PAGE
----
Alison Bechdel's 2006 memoir Fun Home, written in the format of what the cartoonist calls a "tragicomic," isn't exactly the kind of book that cries out to be turned into a Broadway musical. It's a darkly funny, non-linear exploration of Bechdel's relationship with her father, who died when the author was a young woman; she believes his death to have been a suicide linked to his despair over being a closeted gay man.
The creators of the 2013 stage show -- Lisa Kron (book and lyrics) and Jeanine Tesori (music) -- rose to the challenge and won a well-deserved Tony for Best Musical when the show moved to Broadway last year. Fun Home is now at the Orpheum Theatre in a superb touring production, and you'll rarely see a show that so compellingly demonstrates the power of musical theater to communicate complex truths about human nature.
To make the show work this well took a long series of smart and successful decisions by the creative team, including director Sam Gold and set designer David Zinn. After initially experimenting with the onstage use of drawings, Kron and Tesori ultimately decided to adapt the format of Bechdel's memoir more conceptually than literally: Though we see an adult Alison (played here by Kate Shindle) onstage throughout the show, working at a drawing table, only once do we see in any detail what she's actually drawing. What's relevant about the comic format, Kron and Tesori understand, is that it can simultaneously explore multiple perspectives.
In the musical, that means that Alison often shares the stage with one or even two younger versions of herself: a school-aged girl (Alessandra Baldacchino) and a college-aged woman (Abby Corrigan). As does the book, the musical travels back and forth through Alison's life as she tries to understand the significance of various events and experiences.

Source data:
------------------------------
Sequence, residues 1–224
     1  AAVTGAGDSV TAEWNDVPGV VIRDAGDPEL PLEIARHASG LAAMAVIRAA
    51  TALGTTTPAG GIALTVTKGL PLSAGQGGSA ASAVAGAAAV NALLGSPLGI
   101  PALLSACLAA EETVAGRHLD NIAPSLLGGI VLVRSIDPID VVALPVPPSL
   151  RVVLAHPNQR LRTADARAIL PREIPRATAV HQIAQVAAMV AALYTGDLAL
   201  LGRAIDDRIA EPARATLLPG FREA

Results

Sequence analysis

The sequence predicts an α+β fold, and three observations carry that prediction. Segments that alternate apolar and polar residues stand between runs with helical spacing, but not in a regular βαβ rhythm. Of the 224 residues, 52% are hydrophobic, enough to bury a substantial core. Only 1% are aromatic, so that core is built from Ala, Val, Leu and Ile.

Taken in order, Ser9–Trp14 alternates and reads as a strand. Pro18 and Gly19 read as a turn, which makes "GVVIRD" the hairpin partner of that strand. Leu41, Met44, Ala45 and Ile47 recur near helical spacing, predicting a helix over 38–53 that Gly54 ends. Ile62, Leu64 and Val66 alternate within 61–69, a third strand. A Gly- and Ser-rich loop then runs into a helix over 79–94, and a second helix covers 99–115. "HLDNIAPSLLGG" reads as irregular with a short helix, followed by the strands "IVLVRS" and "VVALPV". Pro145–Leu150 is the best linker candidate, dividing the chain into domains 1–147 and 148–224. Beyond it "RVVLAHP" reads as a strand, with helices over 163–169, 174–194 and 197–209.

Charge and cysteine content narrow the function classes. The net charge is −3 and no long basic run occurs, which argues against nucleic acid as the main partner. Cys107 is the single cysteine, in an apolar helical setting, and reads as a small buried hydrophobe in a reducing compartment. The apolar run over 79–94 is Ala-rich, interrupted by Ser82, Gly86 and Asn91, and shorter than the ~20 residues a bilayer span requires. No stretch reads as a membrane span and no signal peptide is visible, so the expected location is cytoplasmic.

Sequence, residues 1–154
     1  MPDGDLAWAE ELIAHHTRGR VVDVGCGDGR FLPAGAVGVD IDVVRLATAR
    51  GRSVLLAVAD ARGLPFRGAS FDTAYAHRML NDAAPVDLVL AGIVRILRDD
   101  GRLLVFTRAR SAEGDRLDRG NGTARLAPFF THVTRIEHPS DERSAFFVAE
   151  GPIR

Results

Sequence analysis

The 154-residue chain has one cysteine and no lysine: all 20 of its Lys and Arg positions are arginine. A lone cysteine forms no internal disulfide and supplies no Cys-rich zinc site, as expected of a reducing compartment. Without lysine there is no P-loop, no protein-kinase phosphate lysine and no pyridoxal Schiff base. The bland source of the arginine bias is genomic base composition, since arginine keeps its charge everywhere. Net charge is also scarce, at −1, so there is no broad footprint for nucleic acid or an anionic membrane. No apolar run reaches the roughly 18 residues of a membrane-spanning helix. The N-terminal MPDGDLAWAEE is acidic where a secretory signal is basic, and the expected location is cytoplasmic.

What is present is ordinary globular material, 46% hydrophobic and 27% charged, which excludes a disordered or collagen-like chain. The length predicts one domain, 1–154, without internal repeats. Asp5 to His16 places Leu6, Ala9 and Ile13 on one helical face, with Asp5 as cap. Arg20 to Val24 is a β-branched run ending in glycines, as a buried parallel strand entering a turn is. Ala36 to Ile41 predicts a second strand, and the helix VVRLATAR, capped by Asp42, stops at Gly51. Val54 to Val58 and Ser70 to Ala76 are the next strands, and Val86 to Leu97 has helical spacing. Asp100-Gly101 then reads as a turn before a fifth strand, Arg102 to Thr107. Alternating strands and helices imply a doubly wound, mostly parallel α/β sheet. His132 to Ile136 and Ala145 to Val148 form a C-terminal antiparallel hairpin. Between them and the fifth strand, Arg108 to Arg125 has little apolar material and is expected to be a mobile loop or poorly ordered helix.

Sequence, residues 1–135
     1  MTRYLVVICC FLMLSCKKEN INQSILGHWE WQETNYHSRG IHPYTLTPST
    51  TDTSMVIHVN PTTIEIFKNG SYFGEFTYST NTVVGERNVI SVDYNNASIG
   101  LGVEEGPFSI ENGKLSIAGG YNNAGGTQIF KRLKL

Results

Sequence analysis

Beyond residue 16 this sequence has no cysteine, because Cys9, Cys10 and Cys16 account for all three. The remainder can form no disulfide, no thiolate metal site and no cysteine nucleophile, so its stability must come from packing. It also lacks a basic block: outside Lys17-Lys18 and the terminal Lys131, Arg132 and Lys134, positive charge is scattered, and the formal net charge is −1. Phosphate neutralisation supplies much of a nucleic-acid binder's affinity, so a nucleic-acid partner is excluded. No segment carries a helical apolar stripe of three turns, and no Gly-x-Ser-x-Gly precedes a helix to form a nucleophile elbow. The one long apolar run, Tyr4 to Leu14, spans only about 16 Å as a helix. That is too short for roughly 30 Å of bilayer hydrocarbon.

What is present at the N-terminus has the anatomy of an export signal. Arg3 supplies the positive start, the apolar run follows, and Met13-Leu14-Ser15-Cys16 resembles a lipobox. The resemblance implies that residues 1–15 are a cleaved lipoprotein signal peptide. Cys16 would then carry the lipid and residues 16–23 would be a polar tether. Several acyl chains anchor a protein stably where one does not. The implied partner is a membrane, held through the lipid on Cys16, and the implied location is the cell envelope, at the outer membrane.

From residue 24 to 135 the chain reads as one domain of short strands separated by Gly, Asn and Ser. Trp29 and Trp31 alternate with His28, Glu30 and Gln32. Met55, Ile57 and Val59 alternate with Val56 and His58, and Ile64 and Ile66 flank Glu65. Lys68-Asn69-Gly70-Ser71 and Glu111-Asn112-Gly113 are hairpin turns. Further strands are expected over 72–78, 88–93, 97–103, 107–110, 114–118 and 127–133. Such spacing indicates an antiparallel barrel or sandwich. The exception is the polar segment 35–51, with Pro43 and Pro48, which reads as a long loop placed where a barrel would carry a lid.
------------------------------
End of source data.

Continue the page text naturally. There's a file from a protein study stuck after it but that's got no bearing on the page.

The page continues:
Robert Petkoff plays Alison's father Bruce, and he immediately registers as a warmer presence than the stern-faced father of the book. Along with Tesori's warm score (played by an onstage ensemble), the portrayal helps tip the show's scales toward empathy rather than anger -- which is also the place the book gets to, just not quite as quickly.
There's an operatic quality to the subtle integration of music into Fun Home's narrative: characters often tip into song when spoken words fail them, and there's a suggestion that they're singing as much to themselves as to anybody else. Tesori's songs have appealing melodies and uncluttered arrangements, but there's a deliberately hesitant quality to the way certain phrases are repeated or left incomplete. Plenty of musicals have songs where the characters sing about being confused, but Tesori and Kron capture that ambiguity in the very structure of their songs. We're both told and shown that these characters are still figuring it all out.
The show takes place on a stage that's initially set sparsely -- just a couple clusters of furniture against an exposed brick wall, with a raised platform for the musicians -- but turns out to hold some surprises. Lighting by Ben Stanton defines discrete spaces as we travel back and forth through the story of this family who live in a renovated house that Alison's mom (Susan Moniz) calls a "museum" of her husband's obsession with period decor.
That's not the house the show's title refers to, though: "fun home" is an abbreviation of the family business, a funeral home where Alison and her brothers (Pierson Salvador and Lennon Nate Hammond) grow up playing in caskets. Another home Alison inhabits is her dorm room, where she and her girlfriend Joan (Karen Eilbacher) enjoy a freedom and openness that Bruce never felt he could.
You can expect good pipes and solid professionalism from a touring Broadway cast, but this Fun Home production goes above and beyond that, balancing infectious energy and a delicate touch. Corrigan, in particular, knocks her scenes out of the park: She can play character-based comedy to a house the size of the Orpheum without diminishing the complexity and poignancy of her coming-out experience.
Fun Home is the best kind of adaptation. It doesn't just translate its source material onto the stage -- that would be achievement enough -- but complements it and extends it. You'll find that it extends into your own life, and that its impression lingers long after you've left the theater.